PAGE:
# Must a line hitting two points on the elliptic curve over a finite field hit another point by continuation?

The Arstechnica article title as "A (relatively easy to understand) primer on elliptic curve cryptography" claims this;

In fact, you can still play the billiards game on this curve and dot points together. The equation for a line on the curve still has the same properties. Moreover, the dot operation can be efficiently computed. You can visualize the line between two points as a line that wraps around at the borders until it hits a point. It's like, in our bizarro billiards game, when a ball hits the edge of the board (the max) and then is magically transported to the opposite side of the table and continues on its path until reaching a point, kind of like the game

and provides an animation (It is a GIF see on the page, can't link here).

And I've made a similar test that achieved the same;

The simple curve is $$E\colon y^2=x^3+4x+20$$ over $$\mathbb{F}_{29}$$ and $$P=(1,5), Q=(5,7)$$ and $$R = P+Q = (16,2)$$ is drawn on the figure.

I've followed the same step, draw a line passing through $$P$$ and $$Q$$, and continue from the opposite edge when an edge is hit!

The green lines are the borders+1 of the possible elements, the blue lines have used for (visual) check the continuation.

Now enough experience;

If the claim on the Arstechnica is theoretically correct then what is the theory?

• "by continuation" can probably be removed from the question title as well, but I'm not 100% on that. Jan 15 at 15:49
• @MaartenBodewes yeah, couldn't find a better word for that, but we can place copies of the map, and see where it hits. Jan 15 at 16:33
• I can see that from continuation, but no theory; See in the image Jan 15 at 17:29
• A typo. "If the claim on the Arstechnica is theoretically correct, then ..." Jan 23 at 13:30

The question asks to prove the (true) fact that, in order to perform point addition $$R\gets P+Q$$ graphically on an Elliptic Curve over the field $$\mathbb F_p$$ of equation $$y^2\equiv x^3+a\,x+b\pmod p\tag{1}\label{fgr1}$$ with $$p$$ suitably small (here $$p=29$$, $$a=4$$, $$b=20$$) and $$4\,a^3+27\,b^2\not\equiv0\pmod p\tag{2}\label{fgr2}$$ we can (except in the special case¹ of $$P$$ and $$Q$$ equal or on the same vertical line) perform the geometric construction of $$R$$ per the figure

• Draw on a (black) square grid of side $$p$$ the points of the curve (blue dots) other than the neutral².
• Draw a red line that starts from $$P$$ parallel to and in the direction of $$\overrightarrow{PQ}$$.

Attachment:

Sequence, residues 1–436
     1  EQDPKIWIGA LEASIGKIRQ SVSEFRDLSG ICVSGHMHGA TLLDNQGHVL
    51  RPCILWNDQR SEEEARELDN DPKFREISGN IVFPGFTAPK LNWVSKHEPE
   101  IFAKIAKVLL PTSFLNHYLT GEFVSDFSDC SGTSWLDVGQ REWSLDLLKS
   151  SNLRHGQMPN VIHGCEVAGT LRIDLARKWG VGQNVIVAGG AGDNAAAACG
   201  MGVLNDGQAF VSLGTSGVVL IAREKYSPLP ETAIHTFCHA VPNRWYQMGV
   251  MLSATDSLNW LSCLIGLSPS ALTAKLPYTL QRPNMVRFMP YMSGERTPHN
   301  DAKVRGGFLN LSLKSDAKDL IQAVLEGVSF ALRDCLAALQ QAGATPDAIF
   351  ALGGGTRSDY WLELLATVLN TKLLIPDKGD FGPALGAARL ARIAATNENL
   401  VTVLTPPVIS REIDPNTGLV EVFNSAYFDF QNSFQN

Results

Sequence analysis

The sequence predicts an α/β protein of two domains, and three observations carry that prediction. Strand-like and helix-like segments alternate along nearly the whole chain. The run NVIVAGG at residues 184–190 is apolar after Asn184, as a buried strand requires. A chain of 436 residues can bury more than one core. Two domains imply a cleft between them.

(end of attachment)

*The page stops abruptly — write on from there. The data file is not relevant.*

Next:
• As soon as the line hits a point of the curve other than $$Q$$, call it $$R'$$; then on the vertical (purple) line going thru $$R'$$, find another point of the curve and call it the result $$R$$ of $$P+Q$$.
• If the red line hits a side, draw an horizontal or vertical (green) line from there to the opposite side; then from that intersection keep drawing the red line parallel to and in the direction of $$\overrightarrow{PQ}$$, and iterate to the above bullet.

After drawing the red line for a displacement of $$d$$ along the $$x$$ axis starting from $$P$$, and accounting for the wraparound on the sides, the pen drawing the red line has coordinates \begin{align}x&=(x_P+d)&\bmod p\tag{3}\label{fgr3}\\ y&=\left(y_P+d\,\frac{y_Q-y_P}{x_Q-x_P}\right)&\bmod p\tag{4}\label{fgr4} \end{align} with the computations in $$\mathbb R$$. Justification: What's on the left of the $$\bmod$$ operator³ in $$\eqref{fgr3}$$ and $$\eqref{fgr4}$$ is the position of the pen having moven by $$d$$ along the $$x$$ axis if we did not wraparound on black edges. The $$\bmod$$ operators capture the effects of the wraparound.

The points on the red line with both coordinates an integer (including but not limited to any point of the curve) thus have a corresponding $$d$$ an integer, and verify $$(y-y_P)(x_Q-x_P)\equiv(x-x_P)(y_Q-y_P)\pmod p\tag{5}\label{fgr5}$$ And any $$(x,y)$$ matching this equation would be on the red line if we kept drawing it indefinitely; $$P$$ would be reached when $$d=p\,(x_Q-x_P)$$ (or earlier).

It follows that our graphical search procedure for $$R'$$ hits a point of the curve (and thus terminates), and yields a point $$R'$$ which coordinates $$(x,y)$$ involves integers that verify $$\eqref{fgr1}$$ and $$\eqref{fgr5}$$. But we have not shown yet that $$R$$ obtained from $$R'$$ is the expected point (we have not ruled out that $$R'=P$$ or some other unwanted point of the curve).